Its like some people dont know what inalienable means.

    2. “This is what results from people arguing that the Constitution only applies to American citizens and then only on US soil.”

      Yes.
      The Constitution applies to the government; it specifically allows the government certain activities.

    3. “The Constitution is a ‘sometimes’ law.”

      1. i think it is now a 90/10 split.

        The Constitution is used for 90% justify in some sick way why the government can do this and 10% for what rights the people still have.

        notice none of those limit the government or empower the people…we doomed

  4. Here’s what bugs me about what we’re seeing more of: Yes, the search is illegal and questionable, but there’s something underneath all of that which no one is really talking about, at least not directly.

    Agents of the state at all levels perform these extra-constitutional searches– what’s the purpose of the search, illegal or not? Do they really believe that a supporter of Bradley Manning is ferrying secret classified documents or other contraband?

    These searches serve as intimidation. We need to not only question the legality of the searches, but their very purpose, which I admit is more difficult to do. The government has unlimited time and lawyers to make sure the circumstances of the search itself is reasonably or arguably withing legal bounds. But why does the government believe this person is a threat to national security or breaking some law?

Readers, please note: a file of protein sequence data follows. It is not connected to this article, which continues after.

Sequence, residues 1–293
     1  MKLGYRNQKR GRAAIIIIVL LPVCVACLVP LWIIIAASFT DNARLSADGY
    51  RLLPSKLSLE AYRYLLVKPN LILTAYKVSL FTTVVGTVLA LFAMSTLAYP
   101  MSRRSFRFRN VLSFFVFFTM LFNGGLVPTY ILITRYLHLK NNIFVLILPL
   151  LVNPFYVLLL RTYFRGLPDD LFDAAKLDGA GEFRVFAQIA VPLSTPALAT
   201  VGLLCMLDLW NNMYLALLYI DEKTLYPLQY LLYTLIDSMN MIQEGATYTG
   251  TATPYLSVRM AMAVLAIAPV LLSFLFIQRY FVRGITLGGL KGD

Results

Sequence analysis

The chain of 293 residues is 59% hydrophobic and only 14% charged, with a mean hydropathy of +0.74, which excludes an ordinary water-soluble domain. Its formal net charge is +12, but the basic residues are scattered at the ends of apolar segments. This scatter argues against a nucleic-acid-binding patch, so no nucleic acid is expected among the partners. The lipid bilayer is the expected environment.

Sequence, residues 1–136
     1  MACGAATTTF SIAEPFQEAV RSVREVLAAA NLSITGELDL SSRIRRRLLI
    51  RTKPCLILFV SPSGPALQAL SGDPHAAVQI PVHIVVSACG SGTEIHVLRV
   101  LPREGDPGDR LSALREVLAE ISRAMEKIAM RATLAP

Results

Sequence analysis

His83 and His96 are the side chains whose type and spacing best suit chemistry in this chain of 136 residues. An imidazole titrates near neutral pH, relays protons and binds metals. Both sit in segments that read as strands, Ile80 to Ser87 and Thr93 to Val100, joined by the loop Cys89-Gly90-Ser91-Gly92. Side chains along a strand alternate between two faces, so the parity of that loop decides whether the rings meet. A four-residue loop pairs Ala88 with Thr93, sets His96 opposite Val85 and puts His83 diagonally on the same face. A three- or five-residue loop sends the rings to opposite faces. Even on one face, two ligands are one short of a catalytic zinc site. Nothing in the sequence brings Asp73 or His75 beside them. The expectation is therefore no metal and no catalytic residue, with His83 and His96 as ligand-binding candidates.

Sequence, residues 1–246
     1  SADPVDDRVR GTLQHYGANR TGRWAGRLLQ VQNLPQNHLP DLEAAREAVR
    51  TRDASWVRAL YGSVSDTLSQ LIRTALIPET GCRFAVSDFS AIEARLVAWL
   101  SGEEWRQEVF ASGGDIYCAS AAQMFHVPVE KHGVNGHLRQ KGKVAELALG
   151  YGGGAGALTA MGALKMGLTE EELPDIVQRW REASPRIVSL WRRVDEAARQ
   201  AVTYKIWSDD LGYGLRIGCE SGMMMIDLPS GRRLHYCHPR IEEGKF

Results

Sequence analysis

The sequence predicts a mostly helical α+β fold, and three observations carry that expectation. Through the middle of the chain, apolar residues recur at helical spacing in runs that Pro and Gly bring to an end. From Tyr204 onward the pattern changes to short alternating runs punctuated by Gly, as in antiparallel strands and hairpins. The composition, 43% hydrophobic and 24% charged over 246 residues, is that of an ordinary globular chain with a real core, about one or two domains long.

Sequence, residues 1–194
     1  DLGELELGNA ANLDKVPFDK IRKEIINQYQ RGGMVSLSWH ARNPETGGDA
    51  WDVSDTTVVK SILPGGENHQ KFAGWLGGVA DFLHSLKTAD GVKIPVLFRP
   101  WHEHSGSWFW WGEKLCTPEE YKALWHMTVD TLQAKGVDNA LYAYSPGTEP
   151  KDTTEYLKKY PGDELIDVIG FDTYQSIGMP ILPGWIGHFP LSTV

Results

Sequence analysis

It’s an intimidation search, period.

    1. Yep. The whole point is to let everyone know that if you speak up too loudly, you can be searched and detained. If that fails you can be audited. If that fails they can just follow you around until they see you committing your three felonies a day.

      If they want to get you, they will. And there isn’t a damn thing anyone can do about it.

      Mark Levin is right. There is no way that the system can be changed through the ballot box. We need to amend the constitution, and do it fast, or liberty will be lost forever.

      1. There is no way that the system can be changed through the ballot box. We need to amend the constitution, and do it fast, or liberty will be lost forever.

        If you can’t do it at the ballot box, there is no way you will ever amend the constitution.

        1. only with a government reset

          Which i obviously don’t support…..

      2. We need to amend the constitution, and do it fast, or liberty will be lost forever.

        It’s far too late to save liberty for our generation.

      3. We need to amend the constitution, and do it fast, or liberty will be lost forever.

        And get rid of this pesky first and second amendments!

    2. Well, of course, Paul. The government is a gang, and how do gangs operate? By making sure you fear them. They do this partly through intimidation.